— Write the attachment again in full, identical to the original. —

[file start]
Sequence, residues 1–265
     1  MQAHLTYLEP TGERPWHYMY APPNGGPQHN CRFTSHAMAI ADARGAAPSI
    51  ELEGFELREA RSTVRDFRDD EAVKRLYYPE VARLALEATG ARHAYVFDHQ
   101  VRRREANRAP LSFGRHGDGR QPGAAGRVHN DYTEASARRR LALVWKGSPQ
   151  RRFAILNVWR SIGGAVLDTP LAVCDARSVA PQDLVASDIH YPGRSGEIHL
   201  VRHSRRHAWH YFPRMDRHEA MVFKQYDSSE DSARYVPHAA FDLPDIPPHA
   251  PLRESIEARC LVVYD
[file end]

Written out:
Sequence, residues 1–265
     1  MQAHLTYLEP TGERPWHYMY APPNGGPQHN CRFTSHAMAI ADARGAAPSI
    51  ELEGFELREA RSTVRDFRDD EAVKRLYYPE VARLALEATG ARHAYVFDHQ
   101  VRRREANRAP LSFGRHGDGR QPGAAGRVHN DYTEASARRR LALVWKGSPQ
   151  RRFAILNVWR SIGGAVLDTP LAVCDARSVA PQDLVASDIH YPGRSGEIHL
   201  VRHSRRHAWH YFPRMDRHEA MVFKQYDSSE DSARYVPHAA FDLPDIPPHA
   251  PLRESIEARC LVVYD